Wild rendezvous amidst lockdown
News of wildlife sightings continue due to the lack of human presence as a result of the lockdown during pandemic. An interesting take on the experiences of frontline forest staff and the denizens of the wild during the lockdown.
While returning from a routine inspection of border checkpost in Uttrakhand, during COVID-19 lockdown, I decided to have a cup of tea at the newly renovated Mohand Forest Rest House(FRH) and also handover some grubs and hand sanitizers to hard-pressed forest staff at Mohand and Chillawalli gate of Rajaji Tiger Reserve, just across the road. While sipping my tea, I was talking to a forest guard and enquiring if birds and wildlife visited the newly made shallow water pond. He shared that herds of cheetal have started visiting after dusk and many birds come down to drink, especially two types of “Junglee Murga”, one red and the other one blue with a crest. It was almost 5.45 pm by the time we finished our conversation, and I was about to start back to HQ, when he vehemently pleaded with me to wait a bit longer, as it was almost time for them to come out.
Looking at his confidence and urge to show me I decided to stay longer, but was rather confused about the blue junglee murga. I guessed he might be confusing with a peacock or was it a really the shy Khaleej pheasant. I was totally relaxed and enjoying the cool breeze and sweet calls of barbets, drongoes, coppersmiths, blue-bearded bee eaters and hornbills, when the forest guard suddenly came rushing, pointing fingers over my left shoulder saying “Sahab, murga nikal gaya hai“.
I turned around and was pleasantly surprised to see a pair of Khaleej pheasant slowly walking their way out in open from the steep slope 40 feet away, just across the barbed wire fence of FRH adjoining the jungle. He suggested we should move away on the side and be silent, and they shall come out and graze leisurely. They were initially cautious, but soon went about doing their daily chores. They came as close to 20 feet and never seemed to be worried or scamper for cover. They grazed, had a hearty drink one by one in the newly made shallow pond. I quickly pulled out my 400mm lens and clicked few pics. Only a shriek call by the crested drongo alerted them for a while.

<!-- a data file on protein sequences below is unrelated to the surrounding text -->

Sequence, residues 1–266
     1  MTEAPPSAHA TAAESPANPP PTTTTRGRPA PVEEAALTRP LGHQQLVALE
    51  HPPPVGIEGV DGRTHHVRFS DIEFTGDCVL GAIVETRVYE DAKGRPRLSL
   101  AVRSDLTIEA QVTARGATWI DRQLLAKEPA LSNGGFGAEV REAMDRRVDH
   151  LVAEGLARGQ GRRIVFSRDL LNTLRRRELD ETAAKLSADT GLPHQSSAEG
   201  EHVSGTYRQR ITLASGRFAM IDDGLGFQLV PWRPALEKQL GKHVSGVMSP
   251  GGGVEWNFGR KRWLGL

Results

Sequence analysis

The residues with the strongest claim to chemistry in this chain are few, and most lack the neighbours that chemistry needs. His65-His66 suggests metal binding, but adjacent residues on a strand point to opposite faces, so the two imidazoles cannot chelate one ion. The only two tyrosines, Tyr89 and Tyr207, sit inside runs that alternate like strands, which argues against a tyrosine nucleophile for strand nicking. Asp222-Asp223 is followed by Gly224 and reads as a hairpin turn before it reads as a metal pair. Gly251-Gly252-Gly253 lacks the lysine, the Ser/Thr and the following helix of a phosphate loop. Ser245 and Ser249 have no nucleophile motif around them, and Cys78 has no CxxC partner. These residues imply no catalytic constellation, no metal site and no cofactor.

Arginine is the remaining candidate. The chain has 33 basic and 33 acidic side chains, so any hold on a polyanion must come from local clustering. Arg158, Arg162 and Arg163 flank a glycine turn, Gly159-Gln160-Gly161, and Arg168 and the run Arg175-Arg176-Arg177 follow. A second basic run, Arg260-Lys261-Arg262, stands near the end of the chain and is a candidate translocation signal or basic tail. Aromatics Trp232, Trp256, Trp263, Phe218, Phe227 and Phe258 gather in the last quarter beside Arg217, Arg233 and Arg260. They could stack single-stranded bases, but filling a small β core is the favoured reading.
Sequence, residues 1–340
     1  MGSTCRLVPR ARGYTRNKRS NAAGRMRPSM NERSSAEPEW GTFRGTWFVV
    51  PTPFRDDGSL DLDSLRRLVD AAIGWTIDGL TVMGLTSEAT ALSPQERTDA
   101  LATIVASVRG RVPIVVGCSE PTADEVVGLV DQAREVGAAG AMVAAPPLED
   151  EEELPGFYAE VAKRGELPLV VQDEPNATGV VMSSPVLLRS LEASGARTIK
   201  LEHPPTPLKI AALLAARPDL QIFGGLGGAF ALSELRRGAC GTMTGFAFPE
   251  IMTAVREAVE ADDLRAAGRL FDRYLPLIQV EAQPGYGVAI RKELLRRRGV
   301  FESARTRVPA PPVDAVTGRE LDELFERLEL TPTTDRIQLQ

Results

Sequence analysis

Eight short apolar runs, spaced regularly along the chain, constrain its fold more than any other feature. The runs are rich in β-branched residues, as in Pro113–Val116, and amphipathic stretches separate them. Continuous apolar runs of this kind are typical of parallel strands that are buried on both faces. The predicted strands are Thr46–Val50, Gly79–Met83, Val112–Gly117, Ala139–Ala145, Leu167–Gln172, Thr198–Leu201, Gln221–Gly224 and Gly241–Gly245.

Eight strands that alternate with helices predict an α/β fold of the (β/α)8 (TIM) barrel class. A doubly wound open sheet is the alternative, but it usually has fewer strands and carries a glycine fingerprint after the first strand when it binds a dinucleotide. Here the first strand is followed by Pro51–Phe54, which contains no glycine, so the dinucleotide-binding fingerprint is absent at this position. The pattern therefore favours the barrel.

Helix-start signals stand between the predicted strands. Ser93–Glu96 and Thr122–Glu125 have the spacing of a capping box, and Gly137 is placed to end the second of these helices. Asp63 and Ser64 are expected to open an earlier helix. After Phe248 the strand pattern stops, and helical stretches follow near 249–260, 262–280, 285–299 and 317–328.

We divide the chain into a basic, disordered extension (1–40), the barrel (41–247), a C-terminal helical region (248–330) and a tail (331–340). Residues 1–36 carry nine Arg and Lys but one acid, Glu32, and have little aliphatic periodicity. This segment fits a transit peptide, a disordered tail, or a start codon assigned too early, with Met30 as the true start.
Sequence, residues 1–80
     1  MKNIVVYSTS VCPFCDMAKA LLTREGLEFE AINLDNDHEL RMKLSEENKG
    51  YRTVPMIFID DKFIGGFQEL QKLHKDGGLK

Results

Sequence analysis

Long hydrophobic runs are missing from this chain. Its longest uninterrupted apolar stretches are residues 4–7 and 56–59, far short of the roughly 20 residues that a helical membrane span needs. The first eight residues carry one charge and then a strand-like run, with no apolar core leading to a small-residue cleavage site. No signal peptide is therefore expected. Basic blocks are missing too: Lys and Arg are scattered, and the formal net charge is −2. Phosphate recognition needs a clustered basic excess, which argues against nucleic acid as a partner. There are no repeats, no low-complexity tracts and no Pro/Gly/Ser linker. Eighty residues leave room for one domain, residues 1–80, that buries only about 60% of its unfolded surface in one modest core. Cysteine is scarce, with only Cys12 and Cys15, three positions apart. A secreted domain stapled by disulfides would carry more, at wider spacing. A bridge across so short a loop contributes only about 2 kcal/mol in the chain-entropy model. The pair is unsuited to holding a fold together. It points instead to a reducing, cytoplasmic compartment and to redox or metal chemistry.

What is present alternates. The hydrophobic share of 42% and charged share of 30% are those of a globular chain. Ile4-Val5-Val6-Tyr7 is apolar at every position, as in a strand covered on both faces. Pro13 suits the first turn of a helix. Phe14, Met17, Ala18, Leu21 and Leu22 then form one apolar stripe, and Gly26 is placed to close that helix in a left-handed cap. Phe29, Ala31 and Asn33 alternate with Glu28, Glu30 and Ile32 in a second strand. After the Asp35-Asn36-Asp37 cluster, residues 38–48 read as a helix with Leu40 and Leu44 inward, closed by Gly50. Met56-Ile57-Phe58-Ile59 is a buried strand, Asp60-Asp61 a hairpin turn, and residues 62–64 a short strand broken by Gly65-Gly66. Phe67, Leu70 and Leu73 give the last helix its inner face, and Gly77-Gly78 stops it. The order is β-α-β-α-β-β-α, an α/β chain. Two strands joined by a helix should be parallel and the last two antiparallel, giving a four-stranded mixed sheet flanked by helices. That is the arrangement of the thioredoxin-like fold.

I spent a good 30 minutes with them before they crossed over the earthen track leading to FRH from the National Highway, to forage in the undergrowth on the other side within the campus, where I could see a pair of Red Jungle fowl foraging and the matured male calling once in a while to ward of any other competitor. The forest guard insisted on waiting another 20minutes, as they again return from other side to open patch in front of FRH, graze the last bit before dark and walk up the slope of hills to rest for the night. I gently declined the invitation as I had a meeting to catch up. The plucky guard told me that he has been watching this pair since 2008 and they visit the open space in front of the FRH every morning and evening. He said, “Sometimes I watch them hiding behind the window of the common room of the rest house and the pair climb the stairs without a hitch to check out the verandah hardly 5 feet away.”
My guess about his blue murga was right. But I couldn’t believe I had such a close and amazing encounter with the most colourful and majestic pheasants of the Shiwaliks, when I least expected it. What luck and sheer chance to cheer up in such moment of melancholy during a National crisis.
Sitting out I even spotted the blue-bearded bee eater and chestnut-headed bee eater, many yellow wagtails, pairs of peafowl and plum-headed parakeets.
The moral of the story is that the Frontline forest staff is a repository of many precious information which he gathers by sheer observation over many years, which should be tapped to understand and discover the denizens and nuances of the Jungle.